John Currie, Graham Capper
Bibliographic info:
Healthy Buildings 2003 - Proceedings 7th International Conference (7th-11th December 2003) - National University of Singapore - Vol. 2, pp 165-169, 2 fig., 9 Ref.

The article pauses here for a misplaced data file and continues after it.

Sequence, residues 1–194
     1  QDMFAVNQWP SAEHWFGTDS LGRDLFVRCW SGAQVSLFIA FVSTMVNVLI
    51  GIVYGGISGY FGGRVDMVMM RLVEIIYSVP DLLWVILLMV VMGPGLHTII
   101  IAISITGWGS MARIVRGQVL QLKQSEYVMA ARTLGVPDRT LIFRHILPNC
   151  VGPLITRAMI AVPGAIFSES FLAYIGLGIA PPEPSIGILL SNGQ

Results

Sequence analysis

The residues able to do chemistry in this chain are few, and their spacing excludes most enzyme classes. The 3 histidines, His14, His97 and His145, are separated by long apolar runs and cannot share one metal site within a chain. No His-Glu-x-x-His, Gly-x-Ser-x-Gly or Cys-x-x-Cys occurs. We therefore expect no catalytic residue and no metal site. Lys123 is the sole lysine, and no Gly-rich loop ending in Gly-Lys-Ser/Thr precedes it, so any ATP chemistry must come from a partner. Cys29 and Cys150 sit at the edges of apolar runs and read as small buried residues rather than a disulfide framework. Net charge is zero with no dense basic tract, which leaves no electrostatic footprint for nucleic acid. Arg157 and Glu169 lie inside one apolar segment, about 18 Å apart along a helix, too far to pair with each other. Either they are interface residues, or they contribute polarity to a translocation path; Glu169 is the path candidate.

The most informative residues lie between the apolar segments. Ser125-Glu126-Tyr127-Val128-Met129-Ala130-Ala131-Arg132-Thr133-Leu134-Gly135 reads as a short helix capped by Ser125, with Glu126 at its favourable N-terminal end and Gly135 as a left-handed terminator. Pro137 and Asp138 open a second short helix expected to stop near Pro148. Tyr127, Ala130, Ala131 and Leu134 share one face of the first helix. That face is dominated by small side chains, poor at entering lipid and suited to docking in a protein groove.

There is increasing evidence of a causal link between airborne particles and ill health and thisstudy monitored the exposure to both airborne particles and the gas phase contaminants ofenvironmental tobacco smoke (ETS) in a nightclub.The present study followed a number of pilot studies in which the human exposure toairborne particles in a nightclub was assessed and the spatio-temporal distribution of gas phasepollutants was evaluated in restaurants and pubs. The work reported here re-examined thenightclub environment and utilized concurrent and continuous monitoring using opticalscattering samplers to measure particulates (PM10) together with multi-gas analysers.The analysis illustrated the highly episodic nature of both gaseous and particulateconcentrations in both the dance floor and in the bar area but levels were well below themaximum recommended exposure levels. Short-term exposure to high concentrations mayhowever be relevant when considering the possible toxic effects on biological systems.The results give an indication of the problems associated with achieving acceptable indoor airquality (IAQ) in a complex space and identified some of the problems inherent in the design andoperation of ventilation systems for such spaces.